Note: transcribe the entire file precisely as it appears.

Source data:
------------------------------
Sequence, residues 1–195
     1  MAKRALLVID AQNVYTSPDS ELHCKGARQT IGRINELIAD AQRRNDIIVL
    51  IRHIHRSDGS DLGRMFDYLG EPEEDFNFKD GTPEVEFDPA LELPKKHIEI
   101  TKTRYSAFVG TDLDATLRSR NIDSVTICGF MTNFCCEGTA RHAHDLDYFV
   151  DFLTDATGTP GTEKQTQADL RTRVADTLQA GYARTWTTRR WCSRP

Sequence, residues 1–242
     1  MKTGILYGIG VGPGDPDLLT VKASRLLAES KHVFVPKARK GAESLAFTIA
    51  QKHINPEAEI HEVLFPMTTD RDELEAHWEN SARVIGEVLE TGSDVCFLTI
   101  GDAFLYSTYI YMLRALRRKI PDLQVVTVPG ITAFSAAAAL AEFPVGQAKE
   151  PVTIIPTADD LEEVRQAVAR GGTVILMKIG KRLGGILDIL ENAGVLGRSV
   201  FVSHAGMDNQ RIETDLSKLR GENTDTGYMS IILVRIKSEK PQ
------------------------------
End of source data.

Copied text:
Sequence, residues 1–195
     1  MAKRALLVID AQNVYTSPDS ELHCKGARQT IGRINELIAD AQRRNDIIVL
    51  IRHIHRSDGS DLGRMFDYLG EPEEDFNFKD GTPEVEFDPA LELPKKHIEI
   101  TKTRYSAFVG TDLDATLRSR NIDSVTICGF MTNFCCEGTA RHAHDLDYFV
   151  DFLTDATGTP GTEKQTQADL RTRVADTLQA GYARTWTTRR WCSRP

Sequence, residues 1–242
     1  MKTGILYGIG VGPGDPDLLT VKASRLLAES KHVFVPKARK GAESLAFTIA
    51  QKHINPEAEI HEVLFPMTTD RDELEAHWEN SARVIGEVLE TGSDVCFLTI
   101  GDAFLYSTYI YMLRALRRKI PDLQVVTVPG ITAFSAAAAL AEFPVGQAKE
   151  PVTIIPTADD LEEVRQAVAR GGTVILMKIG KRLGGILDIL ENAGVLGRSV
   201  FVSHAGMDNQ RIETDLSKLR GENTDTGYMS IILVRIKSEK PQ